Tuesday, April 12, 2022
State Level Update
While rain was in the forecast across the state for weeks, the Illinois Legislature was raining down bills with unprecedented speed. The session was shortened this year to allow legislators extra time to campaign in their newly redrawn districts. Half of Illinois legislators have a 50% turnover among their constituents due to the redistricting. To meet the earlier session deadline of April 8th, the General Assembly and Governor Pritzker reached a budget agreement in record time. On April 9th, just a few hours past the scheduled end of spring session, the Illinois legislature passed a final Fiscal Year 2023 state budget.
The $46.5 billion spending plan sitting on the Governor’s desk awaiting signature contains some significant wins for older adults, including:
- A new, $4 million appropriation for Caregiver Support Services; and
- An increase of $14.2 million in the Home Delivered Meals allocation.
The budget also includes a permanent expansion of the state’s Earned Income Tax Credit to include 1.2 million Illinoisans who were previously ineligible for the refund. Qualifying low-wage older adult workers will now receive up to $1,200 in a state tax refund.
Other State Legislation
Lawmakers also approved two significant bills to support long-term care residents. The first one requires minimum staffing levels in nursing homes and ties this to government funding. Another bill to protect patients’ rights always guarantees residents access to at least one visitor, even during a pandemic, regardless of public health-related disaster status. The bill will still allow hospitals and long-term care facilities to set guidelines for visitors, such as requiring health screenings, masks and vaccinations.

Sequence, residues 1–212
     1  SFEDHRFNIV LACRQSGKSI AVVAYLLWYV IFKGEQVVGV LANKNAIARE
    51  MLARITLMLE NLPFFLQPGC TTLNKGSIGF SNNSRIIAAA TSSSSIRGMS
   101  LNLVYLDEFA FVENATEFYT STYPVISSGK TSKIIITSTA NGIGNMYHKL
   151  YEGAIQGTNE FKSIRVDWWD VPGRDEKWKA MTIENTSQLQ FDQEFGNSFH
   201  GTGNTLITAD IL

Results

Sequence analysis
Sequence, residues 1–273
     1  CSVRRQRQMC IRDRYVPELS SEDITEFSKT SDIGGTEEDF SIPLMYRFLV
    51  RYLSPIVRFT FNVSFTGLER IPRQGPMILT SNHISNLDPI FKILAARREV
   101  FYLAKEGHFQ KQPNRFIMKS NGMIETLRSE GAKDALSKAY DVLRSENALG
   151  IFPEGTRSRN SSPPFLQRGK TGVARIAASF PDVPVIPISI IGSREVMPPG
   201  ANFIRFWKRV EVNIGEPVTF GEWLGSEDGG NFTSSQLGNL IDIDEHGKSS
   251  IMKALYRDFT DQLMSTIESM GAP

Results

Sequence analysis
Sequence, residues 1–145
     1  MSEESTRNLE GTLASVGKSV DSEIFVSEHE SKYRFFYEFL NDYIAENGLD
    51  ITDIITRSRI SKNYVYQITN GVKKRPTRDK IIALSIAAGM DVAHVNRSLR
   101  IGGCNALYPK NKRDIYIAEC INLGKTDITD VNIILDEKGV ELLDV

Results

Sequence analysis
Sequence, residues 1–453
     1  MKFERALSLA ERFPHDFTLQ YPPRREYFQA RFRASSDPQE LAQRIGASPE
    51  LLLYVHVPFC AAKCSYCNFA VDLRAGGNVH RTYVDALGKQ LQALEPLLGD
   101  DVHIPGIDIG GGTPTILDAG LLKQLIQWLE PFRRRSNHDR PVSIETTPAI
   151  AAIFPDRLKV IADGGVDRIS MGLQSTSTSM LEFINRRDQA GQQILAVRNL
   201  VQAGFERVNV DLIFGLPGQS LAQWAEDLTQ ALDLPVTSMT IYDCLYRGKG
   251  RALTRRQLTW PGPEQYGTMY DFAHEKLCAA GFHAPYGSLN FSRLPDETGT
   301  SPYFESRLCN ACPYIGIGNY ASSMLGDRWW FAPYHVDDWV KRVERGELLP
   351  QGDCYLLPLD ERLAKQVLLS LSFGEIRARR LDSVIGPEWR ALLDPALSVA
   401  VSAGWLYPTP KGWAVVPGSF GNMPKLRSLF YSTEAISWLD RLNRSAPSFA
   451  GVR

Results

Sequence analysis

Another bill aims to end housing discrimination by ensuring that renters can no longer be turned away for using Social Security, veteran’s housing benefits or other sources of income if they are otherwise qualified.
Federal Budget Breakdown
President Biden’s FY 2023 budget proposal includes significant increases for aging programs. Signaling his commitment to supporting older adults and those with disabilities to age independently and with dignity at home, the President requested $3 billion for the Administration for Community Living (ACL). This is an increase of $565 million (or 32 percent) above FY 2022 appropriations. Most of the proposed additional funding is directed toward Older Americans Act programs and services.
Here’s how key Older Americans Act services fared in the President’s budget:
- Supportive Services would increase by 25 percent ($101.4 million), reaching $500 million in FY 2023.
- Nutrition Programs earned the largest increase in the Biden budget, with a 31 percent increase ($305 million). Interestingly, in FY 2022 the President requested a massive increase in home-delivered meal funding. This year’s budget puts more funding into congregate meals in an effort to increase social connection.
- Caregiver Support would increase by $56 million, a 29 percent increase over this year’s appropriations.
- Long-Term Care Ombudsman Program would see a 50 percent increase.
- Lifespan Respite Program would get a 75 percent increase.
- Other smaller increases are included for Evidence-Based Health Promotion and Disease Prevention (6 percent) and the State Health Insurance Assistance Program (SHIP; 4 percent).
While ambitious, this presidential funding plan will face an uphill battle in a divided Congress to reach its proposed allocations—and your advocacy will be needed in the coming weeks and months ahead.